But without a doubt my favourite thing about this film is the portrayal of the dystopia, the total sense of confusion in the districts, and the role Snow plays in it all. President Snow was my favourite part of the books, and I don’t know if it’s perfect casting or what, but when I read the books I imagined it was Donald Sutherland the whole time. He’s so good at being so evil, and his chemistry with the flawless Philip Seymour Hoffman is outstanding. Francis Lawrence also chooses to show the districts in such a depressing way, with what I mentioned before (the scenery, the dead trees in the forest). It’s the finer details of it all that got me invested in the story, invested in the roles that everyone plays in “keeping the peace”, and the role of Katniss as a symbol of hope, even if it means holding three fingers in the air just to get beaten to death.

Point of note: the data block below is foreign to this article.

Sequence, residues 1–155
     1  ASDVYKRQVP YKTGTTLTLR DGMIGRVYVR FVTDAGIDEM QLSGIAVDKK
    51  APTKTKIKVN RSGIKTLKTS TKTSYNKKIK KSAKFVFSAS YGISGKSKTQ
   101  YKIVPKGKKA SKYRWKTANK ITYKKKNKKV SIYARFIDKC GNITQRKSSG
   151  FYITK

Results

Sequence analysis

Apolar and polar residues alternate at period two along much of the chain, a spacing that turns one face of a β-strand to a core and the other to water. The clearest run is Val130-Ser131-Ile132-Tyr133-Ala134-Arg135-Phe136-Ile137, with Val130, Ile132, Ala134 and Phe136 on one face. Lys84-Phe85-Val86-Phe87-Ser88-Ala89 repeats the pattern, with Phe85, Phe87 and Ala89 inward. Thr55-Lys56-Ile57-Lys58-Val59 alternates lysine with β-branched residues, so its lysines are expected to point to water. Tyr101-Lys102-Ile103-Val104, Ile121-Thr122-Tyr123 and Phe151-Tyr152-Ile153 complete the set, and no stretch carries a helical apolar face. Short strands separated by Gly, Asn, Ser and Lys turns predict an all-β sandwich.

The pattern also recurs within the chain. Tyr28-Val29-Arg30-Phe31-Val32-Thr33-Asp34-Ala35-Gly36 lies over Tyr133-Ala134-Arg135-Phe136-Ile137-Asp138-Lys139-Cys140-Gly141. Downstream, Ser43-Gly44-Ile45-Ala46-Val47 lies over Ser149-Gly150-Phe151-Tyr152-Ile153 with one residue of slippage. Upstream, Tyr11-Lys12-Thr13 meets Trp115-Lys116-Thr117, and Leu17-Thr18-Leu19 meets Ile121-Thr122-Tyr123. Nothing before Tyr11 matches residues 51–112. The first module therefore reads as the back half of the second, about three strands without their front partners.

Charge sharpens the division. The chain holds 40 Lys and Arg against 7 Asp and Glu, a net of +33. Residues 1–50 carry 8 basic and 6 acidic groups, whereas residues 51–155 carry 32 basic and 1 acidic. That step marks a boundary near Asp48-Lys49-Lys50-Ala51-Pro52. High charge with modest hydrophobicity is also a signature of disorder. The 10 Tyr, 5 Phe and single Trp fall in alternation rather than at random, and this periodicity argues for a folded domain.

It’s hope that keeps these people alive, much like it’s hope that keeps Andy Dufresne alive and well in ‘The Shawshank Redemption’. Hope plays such a key role in ‘Catching Fire’, and it’s so fitting that now we have a great second film, all we can do is hope that the last 2 films reproduce the wonderment that ‘Catching Fire’ does. Hope is really what will get diehards through the next twelve months, and what will get me through it too.

MY RATING: 8 out of 10.

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Movie Review – The Counselor

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OFFICIAL SILVER SCREENER REVIEW

– THE COUNSELOR –

IMDB Rating: 6 out of 10 (7,369 votes)

Director: Ridley Scott

The poster for The Counselor.

The poster for The Counselor.